Some personality traits seem obviously desirable. Who would not want to have above-average humour, intelligence or self- confidence? So it is surprising that high emotional intelligence is associated with so-called “delinquent” behaviour – from school truancy and smoking cannabis to physical aggression – in female adolescents. By contrast, males with relatively high emotional intelligence tend to engage in fewer socially transgressive acts.
Like general intelligence, emotional intelligence (EI) is largely seen as a good thing. Self-report tests of EI assess our ability to understand and react appropriately to emotional states, both in ourselves and in others. Higher EI scores are associated with positive achievement in education and work, better physical and mental health, and – not surprisingly – higher quality of social relationships. So why should they also be associated with “antisocial” behaviour in females?
Alison Bacon of the School of Psychology at Plymouth University led the project, which used questionnaires to assess levels of emotional intelligence and sensation-seeking (SS) in a sample of university students. Another questionnaire asked which of a range of delinquent behaviours each student had engaged in since the age of twelve.
Overall, they found a complex relationship between the three factors – SS, EI and sex (female/male) – for predicting adolescent delinquency. Both female and male students who scored high on sensation-seeking were more likely to engage in delinquency, as expected from earlier studies. Also expected was the finding that, for males, the impact of high sensation-seeking was offset when they also had higher levels of emotional intelligence, reducing the likelihood of delinquent behaviour.
For females, higher sensation-seeking was directly associated with higher emotional intelligence, a correlation not found males. Most strikingly, for females, both higher SS and higher EI predicted more delinquent acts since the age of twelve.
“Levels of sensation seeking – where you actively seek out novel experiences – peak in adolescence, and there is a well-documented association of them with delinquency and other risk-taking behaviours,” says Alison Bacon. “In general, high trait EI individuals are able to form positive and effective personal relationships and are able to regulate their emotions and behaviours in ways that support personal well-being. We predicted the relationship between sensation seeking and delinquent behaviour would be affected by EI, but to discover it seemingly only lessened delinquency in young men – and not young women – was a surprising and unprecedented result.”
The explanation for this unexpected effect is still being investigated. A key lesson is that our diverse personality traits interact in their effects on our behaviours. In a working environment requiring teamwork, for example, self-confidence might be desirable if you are socially sensitive and also possess the necessary skills for your job, but counter-productive if not.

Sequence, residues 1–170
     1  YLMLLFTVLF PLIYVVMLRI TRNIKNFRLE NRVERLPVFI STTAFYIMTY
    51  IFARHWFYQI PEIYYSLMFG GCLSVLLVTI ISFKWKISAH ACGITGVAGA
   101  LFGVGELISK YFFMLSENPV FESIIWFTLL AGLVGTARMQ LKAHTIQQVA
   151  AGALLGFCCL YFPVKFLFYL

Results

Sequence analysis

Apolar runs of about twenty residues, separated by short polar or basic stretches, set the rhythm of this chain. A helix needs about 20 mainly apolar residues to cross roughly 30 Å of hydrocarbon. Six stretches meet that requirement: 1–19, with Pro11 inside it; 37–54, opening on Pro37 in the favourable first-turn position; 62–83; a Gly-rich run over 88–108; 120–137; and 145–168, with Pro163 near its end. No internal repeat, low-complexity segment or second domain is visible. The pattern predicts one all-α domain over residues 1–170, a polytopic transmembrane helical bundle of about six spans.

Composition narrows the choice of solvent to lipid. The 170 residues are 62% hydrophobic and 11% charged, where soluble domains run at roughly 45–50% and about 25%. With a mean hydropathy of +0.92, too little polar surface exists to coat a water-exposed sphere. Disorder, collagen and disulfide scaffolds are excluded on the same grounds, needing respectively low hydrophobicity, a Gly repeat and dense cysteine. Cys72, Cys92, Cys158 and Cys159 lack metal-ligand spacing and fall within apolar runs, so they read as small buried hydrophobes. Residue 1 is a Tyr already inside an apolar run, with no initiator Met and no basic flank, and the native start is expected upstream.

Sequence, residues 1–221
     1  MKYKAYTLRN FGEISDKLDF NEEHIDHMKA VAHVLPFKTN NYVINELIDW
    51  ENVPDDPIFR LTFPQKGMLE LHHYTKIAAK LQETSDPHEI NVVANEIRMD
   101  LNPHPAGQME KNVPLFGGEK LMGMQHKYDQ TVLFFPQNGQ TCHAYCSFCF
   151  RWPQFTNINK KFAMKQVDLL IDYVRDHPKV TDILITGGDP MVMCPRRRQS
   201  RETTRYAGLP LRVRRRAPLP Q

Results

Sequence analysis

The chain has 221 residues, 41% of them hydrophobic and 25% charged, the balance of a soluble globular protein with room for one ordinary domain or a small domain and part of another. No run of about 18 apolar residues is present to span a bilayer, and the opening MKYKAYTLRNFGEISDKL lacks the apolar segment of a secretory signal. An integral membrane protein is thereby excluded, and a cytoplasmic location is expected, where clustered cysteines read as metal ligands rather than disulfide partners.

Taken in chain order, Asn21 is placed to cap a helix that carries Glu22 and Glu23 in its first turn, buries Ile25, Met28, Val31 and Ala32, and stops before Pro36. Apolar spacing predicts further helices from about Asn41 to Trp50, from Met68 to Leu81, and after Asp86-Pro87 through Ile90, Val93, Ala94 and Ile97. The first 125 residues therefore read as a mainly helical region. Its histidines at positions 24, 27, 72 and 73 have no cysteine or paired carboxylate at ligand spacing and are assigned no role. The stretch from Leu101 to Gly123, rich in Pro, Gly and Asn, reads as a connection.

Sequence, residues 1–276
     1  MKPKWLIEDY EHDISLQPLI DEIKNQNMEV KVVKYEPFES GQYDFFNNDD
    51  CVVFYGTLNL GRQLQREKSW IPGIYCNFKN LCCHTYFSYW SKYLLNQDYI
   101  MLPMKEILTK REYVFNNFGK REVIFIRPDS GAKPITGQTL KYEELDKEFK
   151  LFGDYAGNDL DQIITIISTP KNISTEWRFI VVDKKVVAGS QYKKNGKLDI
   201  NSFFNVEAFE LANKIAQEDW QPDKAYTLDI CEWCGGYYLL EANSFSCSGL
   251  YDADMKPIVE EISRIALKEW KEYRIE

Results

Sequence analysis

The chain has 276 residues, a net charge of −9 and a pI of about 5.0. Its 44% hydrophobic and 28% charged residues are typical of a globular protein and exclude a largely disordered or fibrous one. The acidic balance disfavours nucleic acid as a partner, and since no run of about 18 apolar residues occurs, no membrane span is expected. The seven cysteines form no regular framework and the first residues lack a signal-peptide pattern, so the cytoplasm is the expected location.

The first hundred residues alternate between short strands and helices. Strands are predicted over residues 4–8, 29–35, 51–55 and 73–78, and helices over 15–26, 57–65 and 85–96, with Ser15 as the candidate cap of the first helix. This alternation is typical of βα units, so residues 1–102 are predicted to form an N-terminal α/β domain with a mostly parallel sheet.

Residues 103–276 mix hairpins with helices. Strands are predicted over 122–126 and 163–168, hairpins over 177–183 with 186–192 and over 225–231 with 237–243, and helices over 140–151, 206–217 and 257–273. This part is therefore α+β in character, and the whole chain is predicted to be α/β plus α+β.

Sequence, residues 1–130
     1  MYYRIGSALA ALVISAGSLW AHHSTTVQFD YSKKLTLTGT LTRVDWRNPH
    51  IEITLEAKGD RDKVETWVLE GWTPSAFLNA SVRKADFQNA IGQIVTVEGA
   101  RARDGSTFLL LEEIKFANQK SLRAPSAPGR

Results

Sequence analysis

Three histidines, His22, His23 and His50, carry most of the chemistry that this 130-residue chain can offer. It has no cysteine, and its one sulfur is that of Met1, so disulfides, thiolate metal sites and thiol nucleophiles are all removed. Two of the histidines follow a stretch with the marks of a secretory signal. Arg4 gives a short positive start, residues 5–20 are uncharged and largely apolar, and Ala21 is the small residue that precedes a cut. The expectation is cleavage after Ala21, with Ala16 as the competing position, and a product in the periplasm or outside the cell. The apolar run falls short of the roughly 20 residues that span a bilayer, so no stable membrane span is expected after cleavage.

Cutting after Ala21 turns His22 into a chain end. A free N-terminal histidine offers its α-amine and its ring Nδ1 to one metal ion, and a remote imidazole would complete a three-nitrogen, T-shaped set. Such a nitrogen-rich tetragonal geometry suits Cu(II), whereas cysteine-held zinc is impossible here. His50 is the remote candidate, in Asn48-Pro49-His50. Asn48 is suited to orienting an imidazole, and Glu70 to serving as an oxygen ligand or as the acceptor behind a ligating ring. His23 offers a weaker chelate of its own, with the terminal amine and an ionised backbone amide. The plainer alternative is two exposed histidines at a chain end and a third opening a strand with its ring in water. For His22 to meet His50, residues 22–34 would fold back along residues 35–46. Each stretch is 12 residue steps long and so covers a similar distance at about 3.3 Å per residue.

The effect of emotional intelligence on delinquency could arise, at least in part, from how EI boosts our ability to form strong social bonds, particularly regarding members of the opposite sex. One beguiling possibility – yet to be tested – is that females with higher EI have a broader range of relationships with males. A wider circle of close male friends may increase the likelihood of being encouraged into riskier or more transgressive behaviour.
Male adolescents are more likely to drive when drunk, set fire to a building or beat someone up. For the small minority of females who get involved in such behaviour, there may be an element of peer-pressure from male boyfriends or acquaintances. There is less evidence of similar pressures to delinquency from females to males.
It should be remembered that these participants in the study were university students. While the levels of overall delinquency appear representative, incidence of the most socially unacceptable behaviours was relatively low. It remains to be seen whether female emotional intelligence is positively associated with serious criminality.
Three different style of questionnaire were used in this study.
The Delinquent Behaviour Scale questionnaire required participants to indicate whether or not they had engaged in a range of behaviours. There were 35 questions relating to delinquent acts, such as truancy, cheating in exams, cannabis use, arson and assault. There were also 20 neutral items, such as being admitted to hospital and doing jury service. The neutral items were included to reduce participants’ sense that they were incriminating themselves as socially transgressive with their positive responses.
The Sensation Seeking Scale questionnaire included 40 items, each with two response choices. One response for each item indicated a higher level of sensation-seeking: e.g., “I like to try new foods I have never tasted before” vs “I stick with dishes I know I like to avoid disappointment.”
The Trait Emotional Intelligence questionnaire included 40 statements, such as: “Expressing my emotions with words is not a problem for me” and “I usually find it difficult to regulate my emotions.”
Each statement was responded to on a seven-point Likert scale, where a score of
1 means “completely disagree” and a score of 7 means “completely agree.”
Bacon, A. M., Burak, H., & Rann, J. (2014). Sex differences in the relationship between sensation seeking, trait emotional intelligence and delinquent behaviour. The Journal of Forensic Psychiatry & Psychology, 25(6), 673-683.
Picture credit: Peter Briones via cc.